Cerebrospinal fluid (CSF) is a clear and colorless fluid. It is a watery broth similar in its makeup to blood plasma, from which it forms. The cerebrospinal fluid is a fluid that circulates throughout the central nervous system and is located between the brain and skull.
Purpose of CSF
The CSF has 2 important benefits to the central nervous system:
- the cerbrospinal fluid delivers nutrients to the structures of the nervous system
- the cerebrospinal fluid removes wastes from the brain and spinal cord, detoxifying the environment of the nervous system
The cerbrospinal fluid protects the brain and spinal cord from trauma brought upon by movement, falls, blows, etc.
Where is CSF formed?
CSF is produced in the choroid plexus of the lateral, third and fourth ventricles. It is continually formed from the blood by the choroid plexuses. Choroid plexuses are capillaries hanging from the “roof” in each of the brain’s ventricles. The CSF in and around the brain and cord forms a watery cushion that protects the fragile nervous tissue from blows and other trauma.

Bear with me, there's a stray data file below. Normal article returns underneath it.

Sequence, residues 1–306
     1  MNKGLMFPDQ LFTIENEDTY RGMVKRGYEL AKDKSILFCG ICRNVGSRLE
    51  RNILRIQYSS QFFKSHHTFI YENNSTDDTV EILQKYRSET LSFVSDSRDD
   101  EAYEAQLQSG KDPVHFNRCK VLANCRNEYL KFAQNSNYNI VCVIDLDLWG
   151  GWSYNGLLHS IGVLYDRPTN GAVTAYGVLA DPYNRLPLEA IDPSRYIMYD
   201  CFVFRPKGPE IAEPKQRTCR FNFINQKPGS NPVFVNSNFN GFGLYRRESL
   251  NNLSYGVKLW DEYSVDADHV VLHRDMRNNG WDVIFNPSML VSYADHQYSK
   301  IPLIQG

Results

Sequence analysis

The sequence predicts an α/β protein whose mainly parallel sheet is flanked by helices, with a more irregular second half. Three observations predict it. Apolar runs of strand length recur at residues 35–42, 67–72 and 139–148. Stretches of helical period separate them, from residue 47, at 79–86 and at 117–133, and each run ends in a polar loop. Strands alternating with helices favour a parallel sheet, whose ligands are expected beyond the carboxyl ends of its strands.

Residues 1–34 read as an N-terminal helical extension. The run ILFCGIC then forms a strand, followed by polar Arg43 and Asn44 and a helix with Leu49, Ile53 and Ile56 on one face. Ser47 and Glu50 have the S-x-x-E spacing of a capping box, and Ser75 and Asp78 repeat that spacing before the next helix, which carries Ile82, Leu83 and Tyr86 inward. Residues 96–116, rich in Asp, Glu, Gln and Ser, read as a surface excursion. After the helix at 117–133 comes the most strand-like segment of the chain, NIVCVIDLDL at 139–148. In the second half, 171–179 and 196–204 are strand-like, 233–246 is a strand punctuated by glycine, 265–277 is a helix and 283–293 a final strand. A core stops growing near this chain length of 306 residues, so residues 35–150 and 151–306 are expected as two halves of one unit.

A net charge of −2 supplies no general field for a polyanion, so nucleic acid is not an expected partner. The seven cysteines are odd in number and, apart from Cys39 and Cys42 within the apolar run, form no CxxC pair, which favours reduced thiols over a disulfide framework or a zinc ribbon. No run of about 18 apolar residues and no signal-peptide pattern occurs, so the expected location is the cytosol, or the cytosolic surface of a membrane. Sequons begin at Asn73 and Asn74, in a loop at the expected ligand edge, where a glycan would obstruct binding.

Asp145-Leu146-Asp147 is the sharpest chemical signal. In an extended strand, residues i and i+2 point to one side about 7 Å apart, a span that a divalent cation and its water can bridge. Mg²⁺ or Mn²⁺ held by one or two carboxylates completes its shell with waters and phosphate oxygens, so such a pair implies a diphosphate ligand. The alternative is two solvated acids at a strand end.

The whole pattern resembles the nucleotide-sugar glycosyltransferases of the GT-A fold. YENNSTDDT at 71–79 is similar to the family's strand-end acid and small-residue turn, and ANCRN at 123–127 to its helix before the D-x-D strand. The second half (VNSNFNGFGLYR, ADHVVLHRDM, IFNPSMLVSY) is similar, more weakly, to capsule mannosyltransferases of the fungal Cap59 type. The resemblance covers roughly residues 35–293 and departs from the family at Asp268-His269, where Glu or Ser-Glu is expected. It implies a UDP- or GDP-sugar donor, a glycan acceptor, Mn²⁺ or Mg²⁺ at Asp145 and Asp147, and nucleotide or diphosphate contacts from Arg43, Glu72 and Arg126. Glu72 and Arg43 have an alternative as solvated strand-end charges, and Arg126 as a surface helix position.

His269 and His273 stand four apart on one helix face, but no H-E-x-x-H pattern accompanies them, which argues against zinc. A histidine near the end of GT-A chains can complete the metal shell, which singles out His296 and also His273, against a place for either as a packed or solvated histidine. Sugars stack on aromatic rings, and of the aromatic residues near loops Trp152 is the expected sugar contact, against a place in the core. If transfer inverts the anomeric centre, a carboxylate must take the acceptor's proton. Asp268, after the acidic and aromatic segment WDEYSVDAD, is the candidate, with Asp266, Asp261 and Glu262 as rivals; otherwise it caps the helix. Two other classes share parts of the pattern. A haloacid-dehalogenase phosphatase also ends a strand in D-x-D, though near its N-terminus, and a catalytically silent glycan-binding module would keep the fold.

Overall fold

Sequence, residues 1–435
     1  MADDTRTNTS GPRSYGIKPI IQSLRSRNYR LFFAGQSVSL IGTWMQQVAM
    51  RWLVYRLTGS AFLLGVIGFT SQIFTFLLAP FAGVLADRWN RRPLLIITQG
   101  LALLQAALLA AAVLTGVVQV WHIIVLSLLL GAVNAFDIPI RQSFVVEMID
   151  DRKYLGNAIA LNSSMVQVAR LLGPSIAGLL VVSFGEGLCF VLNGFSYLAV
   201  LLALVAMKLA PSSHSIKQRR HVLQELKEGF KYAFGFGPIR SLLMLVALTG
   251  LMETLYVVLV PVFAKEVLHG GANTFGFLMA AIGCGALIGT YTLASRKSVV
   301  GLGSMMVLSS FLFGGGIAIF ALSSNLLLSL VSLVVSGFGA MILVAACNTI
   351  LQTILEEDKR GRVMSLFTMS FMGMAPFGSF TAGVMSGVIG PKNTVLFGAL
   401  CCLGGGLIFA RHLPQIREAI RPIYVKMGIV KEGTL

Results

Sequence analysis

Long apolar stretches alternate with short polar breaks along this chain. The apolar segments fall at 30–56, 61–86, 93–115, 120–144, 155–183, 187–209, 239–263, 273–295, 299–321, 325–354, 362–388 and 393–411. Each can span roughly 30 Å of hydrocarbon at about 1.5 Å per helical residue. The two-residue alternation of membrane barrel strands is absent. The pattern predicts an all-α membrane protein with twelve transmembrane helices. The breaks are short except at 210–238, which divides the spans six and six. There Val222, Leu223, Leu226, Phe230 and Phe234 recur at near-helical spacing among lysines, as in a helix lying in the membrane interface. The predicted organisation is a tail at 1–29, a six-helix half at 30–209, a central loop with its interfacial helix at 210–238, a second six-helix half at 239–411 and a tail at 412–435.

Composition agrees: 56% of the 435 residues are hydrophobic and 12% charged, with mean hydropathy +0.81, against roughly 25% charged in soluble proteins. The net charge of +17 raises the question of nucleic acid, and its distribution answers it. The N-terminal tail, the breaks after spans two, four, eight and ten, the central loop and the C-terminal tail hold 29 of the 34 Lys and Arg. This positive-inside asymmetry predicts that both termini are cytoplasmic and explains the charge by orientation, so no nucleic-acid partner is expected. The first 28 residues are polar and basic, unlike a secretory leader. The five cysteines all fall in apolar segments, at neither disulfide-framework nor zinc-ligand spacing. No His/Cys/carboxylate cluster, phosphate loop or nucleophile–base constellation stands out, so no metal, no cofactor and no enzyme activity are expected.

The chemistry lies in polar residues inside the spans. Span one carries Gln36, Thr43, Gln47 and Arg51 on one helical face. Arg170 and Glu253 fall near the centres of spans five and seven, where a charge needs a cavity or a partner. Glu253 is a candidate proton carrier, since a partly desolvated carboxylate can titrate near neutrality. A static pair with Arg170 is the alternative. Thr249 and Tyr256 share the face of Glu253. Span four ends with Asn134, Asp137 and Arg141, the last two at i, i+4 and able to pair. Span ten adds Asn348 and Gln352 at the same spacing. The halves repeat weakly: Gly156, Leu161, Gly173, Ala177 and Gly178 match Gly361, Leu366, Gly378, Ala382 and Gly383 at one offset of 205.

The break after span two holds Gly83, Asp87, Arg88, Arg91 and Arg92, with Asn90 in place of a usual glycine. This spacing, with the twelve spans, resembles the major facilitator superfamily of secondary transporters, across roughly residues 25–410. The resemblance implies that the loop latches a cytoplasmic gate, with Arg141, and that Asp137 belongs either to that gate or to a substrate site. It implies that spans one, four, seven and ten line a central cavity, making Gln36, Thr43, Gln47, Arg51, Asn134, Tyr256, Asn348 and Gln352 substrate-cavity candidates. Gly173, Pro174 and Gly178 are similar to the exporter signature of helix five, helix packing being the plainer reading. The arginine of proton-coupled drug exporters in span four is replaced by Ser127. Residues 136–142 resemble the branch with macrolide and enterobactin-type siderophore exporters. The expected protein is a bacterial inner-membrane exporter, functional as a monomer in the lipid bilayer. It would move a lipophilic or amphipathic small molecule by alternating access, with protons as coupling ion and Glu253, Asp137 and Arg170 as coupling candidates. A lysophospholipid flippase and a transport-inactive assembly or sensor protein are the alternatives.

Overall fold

The cerebrospinal fluid is continually moving inside the brain. From the two lateral ventricles where it circulates which is inside the cerebral hemispheres it flows into the third ventricles which is the diencephalon and then it passes through the cerebral aqueduct of the midbrain into the fourth ventricle located dorsal to the pons and medulla oblongata.
The amount of CSF that reaches that fourth ventricle continuously flows down into the central canal of the spinal. However, most of the fluids are circulating into the subarachnoid spaces through the three openings on the wall of the fourth ventricle. Then this fluid passes through the arachnoid villi to return to the dural sinuses.
Rate of CSF Formation and Drainage
The formation and the drainage of the cerebrospinal fluid occur at a constant rate in which the body maintains. Ordinarily, about 150 ml of CSF are formed and drained at a constant rate.
Changes in CSF Composition
Alterations in the composition of CSF or the presence of blood cells in the fluid may indicate infection, such as in meningitis or other brain pathologies such as presence of tumors or multiple sclerosis. To know if abnormalities are present in the CSF a sample should be obtained through lumbar tap, also known as spinal tap.